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Eur J Clin Nutr. 2007 Jun;61(6):769-78. Epub 2006 Dec 6.

Effect of fortified spread on homocysteine concentration in apparently healthy volunteers.

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1
TNO Quality of Life, Zeist, The Netherlands.

Abstract

OBJECTIVE:

To determine the effect of folic acid, vitamin B(6) and B(12) fortified spreads on the blood concentrations of these vitamins and homocysteine.

DESIGN AND SETTING:

A 6-week randomized, double-blinded, placebo-controlled, parallel trial carried out in a clinical research center.

SUBJECTS:

One hundred and fifty healthy volunteers (50% males).

INTERVENTIONS:

For 6 weeks, the subjects consumed the test spreads (20 g/day): containing per 20 g (1) 200 microg folic acid, 2 microg vitamin B(12) and 1 mg vitamin B(6), or (2) 400 microg folic acid, 2 microg vitamin B(12) and 1 mg vitamin B(6) or (3) no B-vitamins (control spread).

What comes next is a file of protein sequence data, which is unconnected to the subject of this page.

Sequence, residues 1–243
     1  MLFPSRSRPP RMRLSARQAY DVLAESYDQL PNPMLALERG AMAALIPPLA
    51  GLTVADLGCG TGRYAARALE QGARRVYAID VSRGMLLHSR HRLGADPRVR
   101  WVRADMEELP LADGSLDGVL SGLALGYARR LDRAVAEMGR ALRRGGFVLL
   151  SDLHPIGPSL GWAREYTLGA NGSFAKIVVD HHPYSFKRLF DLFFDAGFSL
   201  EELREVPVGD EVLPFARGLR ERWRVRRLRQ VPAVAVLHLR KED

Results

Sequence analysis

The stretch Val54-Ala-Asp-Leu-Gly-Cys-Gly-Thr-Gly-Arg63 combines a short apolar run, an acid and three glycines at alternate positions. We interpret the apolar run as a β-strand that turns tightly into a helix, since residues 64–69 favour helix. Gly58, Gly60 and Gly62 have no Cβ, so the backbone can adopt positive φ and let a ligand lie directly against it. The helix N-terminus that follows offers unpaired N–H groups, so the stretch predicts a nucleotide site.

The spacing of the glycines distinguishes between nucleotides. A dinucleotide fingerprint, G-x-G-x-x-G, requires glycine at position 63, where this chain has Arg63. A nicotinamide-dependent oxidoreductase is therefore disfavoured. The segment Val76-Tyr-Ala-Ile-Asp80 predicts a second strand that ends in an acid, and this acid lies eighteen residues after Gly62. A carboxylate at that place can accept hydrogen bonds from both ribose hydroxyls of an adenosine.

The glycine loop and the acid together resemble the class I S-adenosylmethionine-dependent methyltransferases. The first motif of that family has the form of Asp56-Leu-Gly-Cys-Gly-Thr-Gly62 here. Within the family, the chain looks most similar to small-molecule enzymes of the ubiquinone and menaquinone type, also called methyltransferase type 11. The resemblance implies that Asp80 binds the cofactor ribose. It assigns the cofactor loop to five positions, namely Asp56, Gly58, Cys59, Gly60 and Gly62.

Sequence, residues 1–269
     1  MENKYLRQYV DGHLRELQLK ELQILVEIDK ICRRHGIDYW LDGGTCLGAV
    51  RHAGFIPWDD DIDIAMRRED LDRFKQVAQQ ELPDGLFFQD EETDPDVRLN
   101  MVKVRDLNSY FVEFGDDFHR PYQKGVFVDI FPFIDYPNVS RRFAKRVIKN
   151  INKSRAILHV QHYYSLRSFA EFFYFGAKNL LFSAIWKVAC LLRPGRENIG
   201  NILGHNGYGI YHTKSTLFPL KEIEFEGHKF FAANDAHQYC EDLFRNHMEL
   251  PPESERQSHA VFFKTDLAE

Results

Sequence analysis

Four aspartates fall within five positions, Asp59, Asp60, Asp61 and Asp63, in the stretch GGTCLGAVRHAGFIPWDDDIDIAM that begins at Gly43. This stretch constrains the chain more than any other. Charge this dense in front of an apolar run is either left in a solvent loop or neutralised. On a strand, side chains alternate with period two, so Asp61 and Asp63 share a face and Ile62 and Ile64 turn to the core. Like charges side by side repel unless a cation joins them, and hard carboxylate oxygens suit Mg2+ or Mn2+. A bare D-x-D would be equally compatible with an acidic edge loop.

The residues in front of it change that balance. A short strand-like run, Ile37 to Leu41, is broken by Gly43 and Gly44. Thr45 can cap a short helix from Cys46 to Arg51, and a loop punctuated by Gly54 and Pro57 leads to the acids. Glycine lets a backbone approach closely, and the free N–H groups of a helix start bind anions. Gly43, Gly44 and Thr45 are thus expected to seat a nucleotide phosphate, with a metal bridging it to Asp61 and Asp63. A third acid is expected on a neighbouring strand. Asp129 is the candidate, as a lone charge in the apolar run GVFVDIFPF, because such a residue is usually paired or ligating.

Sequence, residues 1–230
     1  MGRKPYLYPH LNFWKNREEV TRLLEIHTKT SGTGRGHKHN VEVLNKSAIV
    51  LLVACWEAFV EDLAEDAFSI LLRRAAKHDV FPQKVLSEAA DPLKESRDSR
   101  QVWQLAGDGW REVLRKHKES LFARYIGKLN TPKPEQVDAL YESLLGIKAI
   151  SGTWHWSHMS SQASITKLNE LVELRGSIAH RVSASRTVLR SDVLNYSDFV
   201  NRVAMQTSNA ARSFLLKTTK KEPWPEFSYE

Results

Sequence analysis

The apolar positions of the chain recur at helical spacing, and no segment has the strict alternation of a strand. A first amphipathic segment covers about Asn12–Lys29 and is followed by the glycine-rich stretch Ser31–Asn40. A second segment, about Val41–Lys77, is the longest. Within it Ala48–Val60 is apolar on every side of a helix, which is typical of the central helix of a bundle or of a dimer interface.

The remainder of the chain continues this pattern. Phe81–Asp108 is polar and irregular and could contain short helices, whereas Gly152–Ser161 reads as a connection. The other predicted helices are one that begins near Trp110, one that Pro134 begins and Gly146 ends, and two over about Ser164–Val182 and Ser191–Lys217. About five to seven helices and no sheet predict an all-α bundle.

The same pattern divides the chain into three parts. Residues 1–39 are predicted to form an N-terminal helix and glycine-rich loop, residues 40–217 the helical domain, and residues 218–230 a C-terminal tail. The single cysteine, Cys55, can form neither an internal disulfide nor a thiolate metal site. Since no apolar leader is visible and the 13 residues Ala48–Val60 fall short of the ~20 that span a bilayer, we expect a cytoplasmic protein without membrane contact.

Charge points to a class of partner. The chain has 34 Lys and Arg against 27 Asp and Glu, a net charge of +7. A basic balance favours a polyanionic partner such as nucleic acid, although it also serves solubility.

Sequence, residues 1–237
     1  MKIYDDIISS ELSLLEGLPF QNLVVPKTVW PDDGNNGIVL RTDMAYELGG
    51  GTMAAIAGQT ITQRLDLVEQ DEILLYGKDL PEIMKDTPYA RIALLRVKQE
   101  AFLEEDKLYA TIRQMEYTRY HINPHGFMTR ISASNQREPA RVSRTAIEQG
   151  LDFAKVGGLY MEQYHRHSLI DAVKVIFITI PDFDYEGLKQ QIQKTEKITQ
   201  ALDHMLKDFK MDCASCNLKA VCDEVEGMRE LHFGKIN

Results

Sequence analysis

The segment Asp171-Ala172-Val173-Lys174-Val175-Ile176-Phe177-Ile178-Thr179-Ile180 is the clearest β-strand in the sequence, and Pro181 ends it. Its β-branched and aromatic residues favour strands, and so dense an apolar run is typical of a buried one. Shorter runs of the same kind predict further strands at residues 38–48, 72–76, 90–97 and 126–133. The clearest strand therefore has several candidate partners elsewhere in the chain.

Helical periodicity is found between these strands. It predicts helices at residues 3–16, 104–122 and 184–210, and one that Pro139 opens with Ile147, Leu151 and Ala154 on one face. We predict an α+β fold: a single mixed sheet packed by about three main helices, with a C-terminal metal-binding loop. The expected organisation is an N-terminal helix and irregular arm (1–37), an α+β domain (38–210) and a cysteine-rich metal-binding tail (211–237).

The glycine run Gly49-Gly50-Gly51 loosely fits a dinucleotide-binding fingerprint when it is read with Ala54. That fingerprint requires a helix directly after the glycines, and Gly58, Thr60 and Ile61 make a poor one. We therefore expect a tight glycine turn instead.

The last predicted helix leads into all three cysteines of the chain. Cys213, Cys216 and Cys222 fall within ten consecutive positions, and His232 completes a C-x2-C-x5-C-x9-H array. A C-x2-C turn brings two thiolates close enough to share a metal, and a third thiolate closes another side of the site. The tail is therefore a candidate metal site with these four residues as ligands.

RESULTS:

The B-vitamin status increased on using the test spreads, with the largest effect on the serum folate concentration: 48% in men and 58% in women on spread 1 and 92 and 146%, respectively, on spread 2 (P-values all <0.05). The plasma homocysteine decreased in the groups treated with the fortified spreads as compared to the control group. Average decreases were for males: 0.7+/-1.5 micromol/l (6.8%) on spread 1 and 1.7+/-1.7 micromol/l (17.6%) on spread 2 and for females: 1.4+/-1.2 micromol/l (14.2%) and 2.4+/-2.0 micromol/l (23.3%), respectively (P-values all <0.05).

CONCLUSIONS:

Consumption of a spread fortified with folic acid, vitamin B(6) and vitamin B(12) for 6 weeks significantly increases the blood concentrations of these vitamins and significantly decreases the plasma concentration of homocysteine. Fortified staple foods like spreads can contribute to the lowering of homocysteine concentrations.

PMID:
17151589
DOI:
10.1038/sj.ejcn.1602570
[Indexed for MEDLINE]
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